In the face of a worsening global crisis, can’t we find some common ground?
By Peter Burnett
‘The Environment’ has been a major public concern for more than fifty years now. Surveys consistently place the environment among the issues of greatest social concern, while numerous scientific reports continue to document a general and ongoing environmental decline. What’s more, the effects of environmental decline are becoming increasingly obvious, not only through intense heat, drought and cyclones, but also as previously unknown phenomena such as multiple coral bleaching events and arctic wildfires.
With all this concern and things getting worse, you’d expect action, but paradoxically, having gained considerable momentum in earlier years, environmental policy seems to be moving more slowly as the problem worsens, like an icebreaker that slows and eventually becomes stuck as it moves further into the pack ice. Even the Paris climate agreement of 2015, which looked at the time like a significant breakthrough into more navigable policy waters, now looks to have been no more than a patch of thinner ice. Optimists can retain some hope because of growing indications that renewable energy technologies might mitigate climate change, despite policy efforts. Yet technology is much less likely to solve other dimensions of environmental decline, especially biodiversity loss. We still need good policy.
The greatest obstacle to progress on policy is the polarisation of political views on the environment. In modern discourse, we have become so used to associating environmental concern with the political Left that we’ve lost sight of the fact that caring for the environment, especially when seen through a sustainability lens, is actually a fundamentally conservative idea. Perhaps navigable policy waters can be found in the roots of environmental concern, among older notions of what we would now describe as environmental sustainability.
Concerns about human impacts on the environment go back to antiquity. Some 2,500 years ago, Plato compared the denuded hills of Attica to bleached skeletons, while just over 2,000 years ago the Roman writer Columella lamented the depletion of agricultural land on the Italian peninsula.
Searching for a solution, he argued the need to maintain the ‘everlasting youth’ of the Earth through good husbandry. This is as clear a definition of sustainability as any you’ll find today.
In the early modern era, the roots of sustainability can be traced to the great Enlightenment philosopher John Locke and his theories of private property. Locke argued that by investing their labour in harvesting goods from nature, individuals gained the right to regard them as private property. But he attached a proviso to this. The right to convert natural goods into private property would apply only where there was enough left in common for others, in good condition. This provides another good framing for sustainability.
In usufruct to the living
In the eighteenth century, the French Revolution prompted Thomas Jefferson to reflect on the rights of the present generation to bind those coming after, leading him to argue that ‘the earth belongs in usufruct to the living’. This was a reference to the Roman civil law concept of ususfructus, which was the right to use the land and take produce, without impairing its capacity to produce. (This is not old hat. Margaret Thatcher made much the same argument in her famous statement to the 1998 British Conservative Party conference that no generation has a ‘freehold’ on the earth: ‘All we have is a life tenancy—with a full repairing lease. This Government intends to meet the terms of that lease in full.’ )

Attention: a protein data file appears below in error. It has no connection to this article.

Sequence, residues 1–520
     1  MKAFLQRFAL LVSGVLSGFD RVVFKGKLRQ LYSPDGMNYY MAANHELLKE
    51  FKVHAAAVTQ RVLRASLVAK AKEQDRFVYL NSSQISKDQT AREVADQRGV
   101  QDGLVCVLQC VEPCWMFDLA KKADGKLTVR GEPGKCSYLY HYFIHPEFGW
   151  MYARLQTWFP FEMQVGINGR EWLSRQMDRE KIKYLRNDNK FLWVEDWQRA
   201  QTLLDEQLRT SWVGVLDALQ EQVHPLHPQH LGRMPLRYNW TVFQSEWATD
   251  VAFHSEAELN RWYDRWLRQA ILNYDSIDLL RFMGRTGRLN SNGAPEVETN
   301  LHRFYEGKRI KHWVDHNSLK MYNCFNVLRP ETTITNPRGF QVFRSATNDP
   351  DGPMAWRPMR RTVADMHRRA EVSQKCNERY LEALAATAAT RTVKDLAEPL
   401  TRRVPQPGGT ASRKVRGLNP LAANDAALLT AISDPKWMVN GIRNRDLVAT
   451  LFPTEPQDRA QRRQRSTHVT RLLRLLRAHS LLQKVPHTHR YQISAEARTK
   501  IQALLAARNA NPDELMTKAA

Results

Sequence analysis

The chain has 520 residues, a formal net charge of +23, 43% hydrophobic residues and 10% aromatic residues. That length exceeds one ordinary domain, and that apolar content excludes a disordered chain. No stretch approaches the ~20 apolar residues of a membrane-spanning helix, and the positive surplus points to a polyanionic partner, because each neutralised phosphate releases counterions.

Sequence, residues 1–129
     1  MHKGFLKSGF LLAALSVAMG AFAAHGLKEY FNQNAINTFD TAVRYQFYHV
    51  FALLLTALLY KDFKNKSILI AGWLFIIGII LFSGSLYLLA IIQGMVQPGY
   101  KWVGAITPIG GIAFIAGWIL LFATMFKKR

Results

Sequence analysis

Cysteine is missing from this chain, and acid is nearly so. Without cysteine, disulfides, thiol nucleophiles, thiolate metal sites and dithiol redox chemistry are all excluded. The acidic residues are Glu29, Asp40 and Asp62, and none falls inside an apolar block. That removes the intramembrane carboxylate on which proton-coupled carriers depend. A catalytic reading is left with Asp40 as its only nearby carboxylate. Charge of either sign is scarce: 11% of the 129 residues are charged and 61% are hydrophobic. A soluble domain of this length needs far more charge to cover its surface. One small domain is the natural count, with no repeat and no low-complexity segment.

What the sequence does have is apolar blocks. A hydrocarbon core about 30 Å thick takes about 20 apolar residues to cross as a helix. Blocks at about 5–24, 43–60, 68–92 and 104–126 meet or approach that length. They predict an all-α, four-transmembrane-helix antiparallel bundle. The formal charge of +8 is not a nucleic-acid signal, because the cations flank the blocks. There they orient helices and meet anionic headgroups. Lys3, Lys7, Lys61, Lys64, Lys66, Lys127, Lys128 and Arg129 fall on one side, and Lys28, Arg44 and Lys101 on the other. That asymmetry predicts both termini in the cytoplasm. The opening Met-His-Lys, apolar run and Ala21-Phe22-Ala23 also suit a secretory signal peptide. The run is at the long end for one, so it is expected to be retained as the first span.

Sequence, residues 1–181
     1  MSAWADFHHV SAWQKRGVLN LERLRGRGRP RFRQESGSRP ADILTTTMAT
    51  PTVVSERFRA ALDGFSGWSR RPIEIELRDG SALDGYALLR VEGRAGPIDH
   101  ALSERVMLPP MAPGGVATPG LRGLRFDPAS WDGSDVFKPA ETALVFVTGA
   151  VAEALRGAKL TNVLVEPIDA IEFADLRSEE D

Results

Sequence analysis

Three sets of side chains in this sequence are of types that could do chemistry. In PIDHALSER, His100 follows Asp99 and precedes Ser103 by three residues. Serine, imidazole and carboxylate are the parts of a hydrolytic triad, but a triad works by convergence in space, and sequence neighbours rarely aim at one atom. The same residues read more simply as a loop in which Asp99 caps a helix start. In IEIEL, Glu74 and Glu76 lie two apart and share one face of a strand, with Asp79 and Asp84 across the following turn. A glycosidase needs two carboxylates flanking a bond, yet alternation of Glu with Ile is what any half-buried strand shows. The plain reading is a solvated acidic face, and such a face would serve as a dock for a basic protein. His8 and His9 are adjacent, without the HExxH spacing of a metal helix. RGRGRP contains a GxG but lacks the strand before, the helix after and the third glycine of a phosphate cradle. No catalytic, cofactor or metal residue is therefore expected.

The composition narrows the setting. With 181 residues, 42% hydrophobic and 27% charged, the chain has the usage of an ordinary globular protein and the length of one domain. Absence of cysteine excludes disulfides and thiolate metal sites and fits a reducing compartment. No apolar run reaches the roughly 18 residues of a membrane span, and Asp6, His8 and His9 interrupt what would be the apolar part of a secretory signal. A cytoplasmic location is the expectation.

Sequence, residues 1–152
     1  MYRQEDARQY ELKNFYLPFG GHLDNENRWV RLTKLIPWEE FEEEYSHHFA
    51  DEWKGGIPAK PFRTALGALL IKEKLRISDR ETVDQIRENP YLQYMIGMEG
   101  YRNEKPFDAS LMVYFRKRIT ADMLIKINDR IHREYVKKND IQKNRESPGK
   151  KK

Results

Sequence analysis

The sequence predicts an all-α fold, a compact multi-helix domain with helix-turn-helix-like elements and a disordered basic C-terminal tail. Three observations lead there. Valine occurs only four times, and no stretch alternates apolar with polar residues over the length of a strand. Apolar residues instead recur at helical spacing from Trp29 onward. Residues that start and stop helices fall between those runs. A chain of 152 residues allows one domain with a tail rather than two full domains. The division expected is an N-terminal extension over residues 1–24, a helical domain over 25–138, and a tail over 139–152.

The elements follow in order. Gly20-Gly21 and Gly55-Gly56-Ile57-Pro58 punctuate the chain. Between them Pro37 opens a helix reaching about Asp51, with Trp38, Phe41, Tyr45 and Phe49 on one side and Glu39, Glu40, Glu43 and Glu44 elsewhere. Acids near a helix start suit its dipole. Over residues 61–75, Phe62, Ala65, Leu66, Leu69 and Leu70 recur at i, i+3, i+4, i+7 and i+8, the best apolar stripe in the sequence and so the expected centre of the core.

Early sustainability concerns were not just philosophical reflections. Wood shortages affected a number of European countries in the early modern era. In 18th century this prompted discussion in German forestry circles on how to use natural resources in the interests of present and future generations, leading Von Carlowitz to propose a principle of nachhaltende Nutzung (sustainable use). This implied the need to keep the harvesting of trees within rates of regrowth.
Two centuries later, in 1908, US President Theodore Roosevelt, riding the Progressive Era tide of public interest in conservation, established a National Conservation Commission, which then made the first survey of the natural resources of the United States. Even into the early years of the ‘Great Acceleration’ of economic growth after World War II, the economist Ciriacy-Wantrup was arguing that we shouldn’t run nature down because the cost of restoring it would be unacceptably high.
Society is a contract…
None of these arguments is even
slightly suggestive of what might be described today as a ‘Green Left agenda’. In
fact, you could argue that conservatives were all over this issue more than a
century ago. What is common to the arguments is an express or implied concern
for the future, especially a social obligation to future generations. This is
entirely consistent with the argument of another conservative, British
philosopher and MP Edmund Burke, that ‘Society is a contract… between those who
are dead, those who are living, and those who are to be born’. This concern is
also the essence of ‘intergenerational equity’, the principle underlying the
modern ideal of environmental sustainability.
With broad support for environmental causes on the Left, and with the strong conservative pedigree of sustainability, why isn’t there bipartisan support for policies to keep the environment in good condition for future generations?